- This sports car was designed by the famous stylist “Dutch” Darrin.
- It featured sliding doors, fiberglass body and a three-position convertible top.
- Only 435 were built before it was dropped at the end of 1954, the only year of production.
Born in 1882, Henry J. Kaiser left his home state of New York at the age of 32 to open his own construction business in Canada. Returning to the states in 1931, Kaiser became a partner in a company that built the Hoover (Boulder) Dam, Grand Coulee Dam and Shasta Dam. During WWII, he was involved in shipbuilding and aircraft production and after the war entered into the manufacture of automobiles.
Kaiser teamed up with Joseph W. Frazer of Graham-Paige and set up manufacturing in Willow Run, Michigan. When production began in October 1946, the less expensive Kaiser and the more expensive Frazer had similar bodies with styling by Howard “Dutch” Darrin. The cars sold well, putting the company eighth in US production, the highest of any of the postwar independents. After 1948, however, the company’s profits began to decline.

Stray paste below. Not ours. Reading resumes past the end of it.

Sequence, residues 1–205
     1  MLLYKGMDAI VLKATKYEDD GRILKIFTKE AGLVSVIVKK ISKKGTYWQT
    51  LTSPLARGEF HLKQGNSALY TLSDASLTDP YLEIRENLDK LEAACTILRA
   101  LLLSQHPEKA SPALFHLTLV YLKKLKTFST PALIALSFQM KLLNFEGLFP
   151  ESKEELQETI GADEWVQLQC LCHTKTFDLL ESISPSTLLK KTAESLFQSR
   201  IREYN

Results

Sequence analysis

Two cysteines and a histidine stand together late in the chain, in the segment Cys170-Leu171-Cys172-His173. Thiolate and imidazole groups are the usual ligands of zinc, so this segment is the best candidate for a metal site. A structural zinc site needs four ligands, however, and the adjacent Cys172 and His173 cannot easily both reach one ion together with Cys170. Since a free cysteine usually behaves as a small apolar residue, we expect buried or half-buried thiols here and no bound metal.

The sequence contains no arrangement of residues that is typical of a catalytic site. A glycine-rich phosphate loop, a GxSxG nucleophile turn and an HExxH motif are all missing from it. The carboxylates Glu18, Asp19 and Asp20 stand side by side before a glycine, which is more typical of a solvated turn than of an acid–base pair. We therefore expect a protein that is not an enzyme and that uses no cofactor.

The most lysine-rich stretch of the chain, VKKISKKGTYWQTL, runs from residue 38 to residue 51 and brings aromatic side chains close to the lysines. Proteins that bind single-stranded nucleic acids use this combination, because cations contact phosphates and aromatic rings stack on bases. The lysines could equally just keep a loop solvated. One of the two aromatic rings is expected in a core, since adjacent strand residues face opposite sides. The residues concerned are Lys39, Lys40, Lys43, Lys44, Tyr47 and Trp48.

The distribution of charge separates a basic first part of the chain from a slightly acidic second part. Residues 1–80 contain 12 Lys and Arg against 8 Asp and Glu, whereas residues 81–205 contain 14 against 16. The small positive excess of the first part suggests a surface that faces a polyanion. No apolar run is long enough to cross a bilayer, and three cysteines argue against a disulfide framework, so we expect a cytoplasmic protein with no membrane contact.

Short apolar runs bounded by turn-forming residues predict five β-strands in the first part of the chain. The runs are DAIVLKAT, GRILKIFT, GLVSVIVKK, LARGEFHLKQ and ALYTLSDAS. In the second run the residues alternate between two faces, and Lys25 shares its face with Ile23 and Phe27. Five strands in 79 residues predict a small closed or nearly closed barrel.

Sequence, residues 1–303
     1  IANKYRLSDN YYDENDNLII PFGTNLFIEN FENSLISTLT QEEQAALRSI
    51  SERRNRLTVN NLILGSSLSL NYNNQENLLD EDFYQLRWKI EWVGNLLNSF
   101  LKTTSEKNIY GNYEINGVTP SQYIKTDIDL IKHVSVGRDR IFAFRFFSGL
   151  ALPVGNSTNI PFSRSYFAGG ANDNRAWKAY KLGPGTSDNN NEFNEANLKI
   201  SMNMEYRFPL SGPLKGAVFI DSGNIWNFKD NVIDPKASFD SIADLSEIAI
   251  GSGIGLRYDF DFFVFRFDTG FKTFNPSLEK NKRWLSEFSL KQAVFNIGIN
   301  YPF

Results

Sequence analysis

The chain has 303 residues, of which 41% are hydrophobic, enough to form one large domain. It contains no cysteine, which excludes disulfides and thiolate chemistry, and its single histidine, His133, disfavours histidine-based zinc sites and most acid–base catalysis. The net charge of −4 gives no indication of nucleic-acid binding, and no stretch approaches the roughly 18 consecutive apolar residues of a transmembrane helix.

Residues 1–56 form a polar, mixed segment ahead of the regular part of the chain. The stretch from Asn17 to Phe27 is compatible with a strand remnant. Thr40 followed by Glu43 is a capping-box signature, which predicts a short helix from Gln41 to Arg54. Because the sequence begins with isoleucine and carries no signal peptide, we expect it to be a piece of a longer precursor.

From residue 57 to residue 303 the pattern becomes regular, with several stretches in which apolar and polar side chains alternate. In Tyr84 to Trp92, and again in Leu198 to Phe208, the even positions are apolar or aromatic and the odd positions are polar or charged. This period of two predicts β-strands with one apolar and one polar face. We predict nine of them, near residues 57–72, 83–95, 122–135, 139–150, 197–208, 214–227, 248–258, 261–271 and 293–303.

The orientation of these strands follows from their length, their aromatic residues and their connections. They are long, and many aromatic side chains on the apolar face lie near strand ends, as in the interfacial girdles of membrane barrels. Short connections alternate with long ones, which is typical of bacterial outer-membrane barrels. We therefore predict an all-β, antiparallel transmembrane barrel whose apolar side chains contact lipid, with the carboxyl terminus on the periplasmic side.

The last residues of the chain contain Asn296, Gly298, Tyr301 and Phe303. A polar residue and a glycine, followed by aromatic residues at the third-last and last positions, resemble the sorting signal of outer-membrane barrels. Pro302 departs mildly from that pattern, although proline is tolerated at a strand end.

Kaiser is remembered for many different and innovative designs, one of which was the Kaiser-Darrin 161 Convertible Sports Car. Designed by Darrin, the two-seater sports car had sliding doors, a fiberglass body and a 3-position convertible top. The 161 was dropped at the end of 1954 after a total of 435 were built. In the spring of 1955, the company decided that the cost of re-tooling and advertising a new model was not cost-effective. A contract was signed with the Argentine government to make Jeeps and Kaiser sedans in Buenos Aires until 1962. The Kaiser-Frazer Corporation name was changed to Kaiser Industries Corporation.